A. Legal Analysis – predictive or persuasive


1) Predictive Analysis – predictive document belongs to the informative type of legal
writing
 It deals with a legal question in three ways:
a) Analysis – facts and law are analyzed. The facts are then applied
to the law (or jurisprudence), and they are interpreted according
to the meaning of the law
b) Prediction – the outcome of the legal question is predicted,
whether it is positive or negative
c) Recommendation – writer gives his advice or recommendation,
based on the facts and law, as to the best line of action under the
circumstances
o Example: opinion memorandum written for
senior partners, legal opinion letter for clients
[the opinion may be for or against the question
the client has raised]

2) Persuasive Analysis – persuasive document attempts to persuade a judge, arbiter,


or any other deciding authority to decide case in favor of the writer’s client
o Example: pleadings, motions, and briefs

B. Legal Drafting – writer creates a legally binding document, or uses an already available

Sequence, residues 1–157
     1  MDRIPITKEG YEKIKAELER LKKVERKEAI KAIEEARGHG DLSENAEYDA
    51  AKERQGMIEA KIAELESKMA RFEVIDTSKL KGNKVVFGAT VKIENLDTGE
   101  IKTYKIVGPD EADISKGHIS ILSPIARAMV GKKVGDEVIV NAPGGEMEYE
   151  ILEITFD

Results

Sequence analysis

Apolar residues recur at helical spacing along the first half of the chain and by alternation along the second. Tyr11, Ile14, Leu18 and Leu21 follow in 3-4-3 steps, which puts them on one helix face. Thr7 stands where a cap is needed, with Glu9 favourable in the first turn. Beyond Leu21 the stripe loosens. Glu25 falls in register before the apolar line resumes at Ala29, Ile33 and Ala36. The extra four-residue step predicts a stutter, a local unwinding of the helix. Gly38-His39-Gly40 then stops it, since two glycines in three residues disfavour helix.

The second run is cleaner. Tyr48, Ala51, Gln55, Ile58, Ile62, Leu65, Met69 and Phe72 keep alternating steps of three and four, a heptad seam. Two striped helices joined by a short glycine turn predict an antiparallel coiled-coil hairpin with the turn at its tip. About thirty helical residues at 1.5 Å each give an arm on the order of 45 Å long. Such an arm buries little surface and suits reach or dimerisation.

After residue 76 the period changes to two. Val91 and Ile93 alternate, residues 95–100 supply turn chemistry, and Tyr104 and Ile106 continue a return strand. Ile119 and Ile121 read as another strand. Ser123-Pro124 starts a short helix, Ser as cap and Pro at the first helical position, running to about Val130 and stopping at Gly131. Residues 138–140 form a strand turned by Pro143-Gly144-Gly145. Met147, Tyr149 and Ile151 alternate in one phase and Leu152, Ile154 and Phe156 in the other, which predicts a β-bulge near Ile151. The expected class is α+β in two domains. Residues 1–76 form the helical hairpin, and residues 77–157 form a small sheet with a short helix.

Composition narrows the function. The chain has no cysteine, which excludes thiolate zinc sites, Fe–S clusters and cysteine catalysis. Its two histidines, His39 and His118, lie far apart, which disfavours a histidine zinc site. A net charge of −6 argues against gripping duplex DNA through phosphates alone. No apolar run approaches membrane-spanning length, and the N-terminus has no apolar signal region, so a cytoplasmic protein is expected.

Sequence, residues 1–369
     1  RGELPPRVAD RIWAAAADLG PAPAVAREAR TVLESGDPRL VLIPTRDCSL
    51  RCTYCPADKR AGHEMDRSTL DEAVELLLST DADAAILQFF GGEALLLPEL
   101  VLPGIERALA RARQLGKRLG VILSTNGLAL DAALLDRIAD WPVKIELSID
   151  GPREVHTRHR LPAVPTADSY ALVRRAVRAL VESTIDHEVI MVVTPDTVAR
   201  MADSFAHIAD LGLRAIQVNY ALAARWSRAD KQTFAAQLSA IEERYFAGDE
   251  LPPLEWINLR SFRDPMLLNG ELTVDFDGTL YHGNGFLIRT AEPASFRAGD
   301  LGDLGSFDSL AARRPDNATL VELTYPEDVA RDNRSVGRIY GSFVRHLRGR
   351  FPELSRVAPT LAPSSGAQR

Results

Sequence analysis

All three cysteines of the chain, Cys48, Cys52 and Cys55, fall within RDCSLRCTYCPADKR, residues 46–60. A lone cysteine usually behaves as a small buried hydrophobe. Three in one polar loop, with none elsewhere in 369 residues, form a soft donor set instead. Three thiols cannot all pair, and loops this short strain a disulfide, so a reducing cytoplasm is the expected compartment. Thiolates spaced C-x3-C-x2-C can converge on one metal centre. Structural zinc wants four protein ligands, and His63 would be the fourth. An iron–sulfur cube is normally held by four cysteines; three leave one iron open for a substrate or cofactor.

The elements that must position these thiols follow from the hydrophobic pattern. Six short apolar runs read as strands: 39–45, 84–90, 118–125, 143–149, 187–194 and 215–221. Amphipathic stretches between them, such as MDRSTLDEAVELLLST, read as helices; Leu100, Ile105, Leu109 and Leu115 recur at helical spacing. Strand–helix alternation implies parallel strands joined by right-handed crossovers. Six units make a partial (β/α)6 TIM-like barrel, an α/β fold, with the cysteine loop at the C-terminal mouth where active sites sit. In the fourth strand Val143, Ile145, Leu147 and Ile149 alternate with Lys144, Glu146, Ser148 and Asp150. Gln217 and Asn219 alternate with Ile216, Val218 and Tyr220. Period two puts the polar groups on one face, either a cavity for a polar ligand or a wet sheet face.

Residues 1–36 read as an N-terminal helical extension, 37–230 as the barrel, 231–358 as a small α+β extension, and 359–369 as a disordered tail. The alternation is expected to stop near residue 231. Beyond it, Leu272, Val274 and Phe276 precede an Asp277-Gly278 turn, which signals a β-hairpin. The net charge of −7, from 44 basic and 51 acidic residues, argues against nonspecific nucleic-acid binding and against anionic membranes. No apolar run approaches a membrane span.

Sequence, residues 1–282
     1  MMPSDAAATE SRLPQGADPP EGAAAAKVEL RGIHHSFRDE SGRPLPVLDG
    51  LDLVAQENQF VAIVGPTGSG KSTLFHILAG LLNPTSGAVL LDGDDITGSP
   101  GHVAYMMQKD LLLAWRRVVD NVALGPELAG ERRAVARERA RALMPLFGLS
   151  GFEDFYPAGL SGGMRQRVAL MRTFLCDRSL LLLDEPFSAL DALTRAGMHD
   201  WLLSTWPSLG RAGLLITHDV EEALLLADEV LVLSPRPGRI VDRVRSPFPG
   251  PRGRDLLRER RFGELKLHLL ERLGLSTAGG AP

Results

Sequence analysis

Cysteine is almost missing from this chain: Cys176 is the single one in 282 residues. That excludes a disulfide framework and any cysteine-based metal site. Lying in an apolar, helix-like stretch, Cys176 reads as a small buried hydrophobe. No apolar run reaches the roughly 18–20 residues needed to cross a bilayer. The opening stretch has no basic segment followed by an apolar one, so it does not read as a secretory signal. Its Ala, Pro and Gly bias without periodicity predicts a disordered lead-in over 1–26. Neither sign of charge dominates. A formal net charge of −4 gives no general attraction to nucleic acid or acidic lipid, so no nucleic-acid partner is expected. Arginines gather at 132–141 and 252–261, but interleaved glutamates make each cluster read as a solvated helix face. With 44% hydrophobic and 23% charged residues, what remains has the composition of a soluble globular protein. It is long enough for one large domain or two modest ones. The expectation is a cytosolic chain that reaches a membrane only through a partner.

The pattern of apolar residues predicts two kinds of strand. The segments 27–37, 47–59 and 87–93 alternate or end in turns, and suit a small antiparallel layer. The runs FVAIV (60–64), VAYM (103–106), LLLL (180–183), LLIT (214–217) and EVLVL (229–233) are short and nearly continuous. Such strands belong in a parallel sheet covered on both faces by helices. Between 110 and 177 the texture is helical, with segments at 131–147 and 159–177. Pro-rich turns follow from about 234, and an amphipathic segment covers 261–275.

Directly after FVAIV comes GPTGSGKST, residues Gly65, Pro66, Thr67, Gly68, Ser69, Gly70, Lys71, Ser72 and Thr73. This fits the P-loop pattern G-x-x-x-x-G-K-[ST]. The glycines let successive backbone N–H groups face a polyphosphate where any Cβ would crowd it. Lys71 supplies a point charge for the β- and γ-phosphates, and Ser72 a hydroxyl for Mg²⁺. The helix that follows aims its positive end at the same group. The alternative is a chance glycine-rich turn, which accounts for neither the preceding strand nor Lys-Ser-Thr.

template found in Legal Forms handbook
 Functional type of legal writing
 Examples: contracts, deeds, wills and testaments for private person, laws,
regulation and ordinances which bind the public in general
 This requires no legal authority
 Legal forms deal with legal drafting

III. DEFINITION OF TERMS


A. Memorandum - means “to be remembered”, a paper that explains and summarized
specific points of law for a judge, for another attorney or for a client
B. Pleading – formal presentation of claims and defenses by parties to a lawsuit
 specific papers by which parties to a lawsuit present their allegations in
proper form [complaint of plaintiff and the answer of a defendant] plus
any additional responses to those papers that are authorized by law